Picture: Teaching at the Summer School of Philosophy, University of Naples "Federico II" 2013
LESSON PLAN (Sample)
The class is divided in three main sections (Presentations, Lecture and Class Discussion), plus a brief introduction and conclusion.
1. Greetings and Attendance 5 minutes ca.
This initial section is also devoted to allow students to offer feedback on the course content, rules and assignments. I am constantly checking with them on these topics and make adjustments based on their precious feedbacks.
2. Presentations (2) 10 minutes ca.
In the first part, two hosts will give a 5 minute presentation (slides + talk) on a topic related to the readings which has been previously agreed upon.
There are the instructions for my students to prepare their presentations:
Create a slide show summarizing the reading you were assigned and answering the questions in the assignments related to your reading.
Your presentation should be divided in 2 sections: 3 minutes (ca.) to summarize the reading and 2 minutes (ca.) to answer the questions.
Use between 5 to (a maximum of) 8 slides. Makes sure to include pictures in your slides. Save your slides as PDFs
Post this slideshow on NYU Classes - Forum before the class starts.
On the day of your presentation, you will have 5 minutes to present your slides in front of the class.
During their presentation, I may add additional information if needed.
The passage from this section to the next one are the assignments; I clarify any points which need further explanation and then move on to the lecture.
3. Lecture 30 minutes ca.
In this section, I offer an interactive lecture on the topic. First of all, I introduce the specific topic of the class in relation not only to our course, but also to everyday life, offering contemporary and concrete examples of the theories we are studying to validate their relevance. Then I highlight the most important aspects of the reading and explain them in details. I constantly ask my students questions in order to engage them and make them part of the lecture. Their views, questions and experiences deeply enrich the conversation and offer the perfect transition to the fourth part of the class, which is the class discussion.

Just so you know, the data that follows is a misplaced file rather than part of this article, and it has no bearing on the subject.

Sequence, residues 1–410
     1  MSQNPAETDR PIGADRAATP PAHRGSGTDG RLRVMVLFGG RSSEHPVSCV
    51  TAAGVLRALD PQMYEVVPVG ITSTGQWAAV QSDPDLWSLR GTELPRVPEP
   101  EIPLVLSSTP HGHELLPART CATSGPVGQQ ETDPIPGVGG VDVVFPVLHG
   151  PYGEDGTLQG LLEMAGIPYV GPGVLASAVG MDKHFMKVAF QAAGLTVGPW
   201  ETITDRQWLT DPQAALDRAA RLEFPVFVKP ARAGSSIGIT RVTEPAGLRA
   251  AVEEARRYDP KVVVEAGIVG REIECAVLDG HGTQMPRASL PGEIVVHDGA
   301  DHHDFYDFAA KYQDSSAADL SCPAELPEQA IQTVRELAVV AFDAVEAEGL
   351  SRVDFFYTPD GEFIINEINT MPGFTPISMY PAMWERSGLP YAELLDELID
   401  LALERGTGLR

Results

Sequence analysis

Example: Class on Michel Foucault - Section "Continental Philosophy" - SF3 This class focuses on Michel Foucault, Antihumanism and the Death of Man. First of all, I want my students to understand the difference between Posthumanism and Antihumanism. Secondly, I want them to learn some key notions developed by Foucault, such as episteme, biopower, panopticism, power-knowledge and technologies of the self. Thirdly, I want them to understand the meaning of the “Death of Man,” as proclaimed by Foucault in “The Order of Things” (1966); I also want them to locate such a philosophical claim within the genealogical tradition of Friedrich Nietzsche and the “Death of God”.
4. Class Discussion 25 minutes ca.
At this point, we will open the discussion on the readings. We will do that by answering the questions asked in the assignments (which are part of the pool of questions for the midterm exam).
Example: Class on "Human Enhancement: Pros and Cons" - Section "Bioethics" - SF3
This class focuses on Bioethics. We discuss the topical question on the difference between therapy and enhancement,presenting two different perspective: the bio-conservative approach of Fukuyama and the bio-liberal approach of Sandberg. We watch a 2:22 clip of this interview "Our Posthuman Condition" (the youtube video is posted in this section), in which the two authros are offered an hypothetical pill that would enhance their cognitive abilities (a cognitive enhancer). Would they take it?
Sandberg would take it, if the side-effects were not too risky. Fukuyama would not take it, because enhancement does not only relate to the individual but to society as a whole; he is worried that people in the future would be made to take it for different reasons.
After showing the short clip, I ask my students if they would take it and why, underlying that there is not right or wrong answer, but there are different perspectives based on different social, cultural and religious values, among others.
At this point, we open the discussion according to this model:
We divide the class in 3 sections: who would take it, how would not take it, who is not sure if they would take it or not.
They have 5 minutes to present three pertinent points sustaining their views.
Each group has 2 minutes ca. to present the three points it in front of the other groups.
Each group is given 5 minutes to answers to the points raised by the other groups.
After that, we open the debate to individual and group feedback on the discussion.
5. Conclusions and Introduction to our next class 5 minutes ca.
In this final 5 minutes, we conclude the class and present the topics for our next class.
Workshops are conducted every 8 classes (more or less), for a total of 3 to 4 workshops.
They employ a student-centered, group-learning instructional strategy and are fully run by students,